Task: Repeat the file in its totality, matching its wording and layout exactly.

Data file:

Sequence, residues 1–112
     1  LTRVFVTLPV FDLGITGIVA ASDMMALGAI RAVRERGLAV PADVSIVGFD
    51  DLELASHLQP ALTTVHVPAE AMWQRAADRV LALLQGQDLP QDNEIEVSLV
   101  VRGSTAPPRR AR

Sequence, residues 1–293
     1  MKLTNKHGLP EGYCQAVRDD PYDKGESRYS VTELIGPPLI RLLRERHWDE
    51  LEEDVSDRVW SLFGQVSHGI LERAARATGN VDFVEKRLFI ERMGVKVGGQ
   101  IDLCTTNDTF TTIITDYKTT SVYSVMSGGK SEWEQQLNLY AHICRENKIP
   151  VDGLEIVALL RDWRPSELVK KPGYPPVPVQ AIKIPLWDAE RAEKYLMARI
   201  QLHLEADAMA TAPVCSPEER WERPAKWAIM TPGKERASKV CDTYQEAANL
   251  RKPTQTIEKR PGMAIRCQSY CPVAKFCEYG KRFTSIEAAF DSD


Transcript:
Sequence, residues 1–112
     1  LTRVFVTLPV FDLGITGIVA ASDMMALGAI RAVRERGLAV PADVSIVGFD
    51  DLELASHLQP ALTTVHVPAE AMWQRAADRV LALLQGQDLP QDNEIEVSLV
   101  VRGSTAPPRR AR

Sequence, residues 1–293
     1  MKLTNKHGLP EGYCQAVRDD PYDKGESRYS VTELIGPPLI RLLRERHWDE
    51  LEEDVSDRVW SLFGQVSHGI LERAARATGN VDFVEKRLFI ERMGVKVGGQ
   101  IDLCTTNDTF TTIITDYKTT SVYSVMSGGK SEWEQQLNLY AHICRENKIP
   151  VDGLEIVALL RDWRPSELVK KPGYPPVPVQ AIKIPLWDAE RAEKYLMARI
   201  QLHLEADAMA TAPVCSPEER WERPAKWAIM TPGKERASKV CDTYQEAANL
   251  RKPTQTIEKR PGMAIRCQSY CPVAKFCEYG KRFTSIEAAF DSD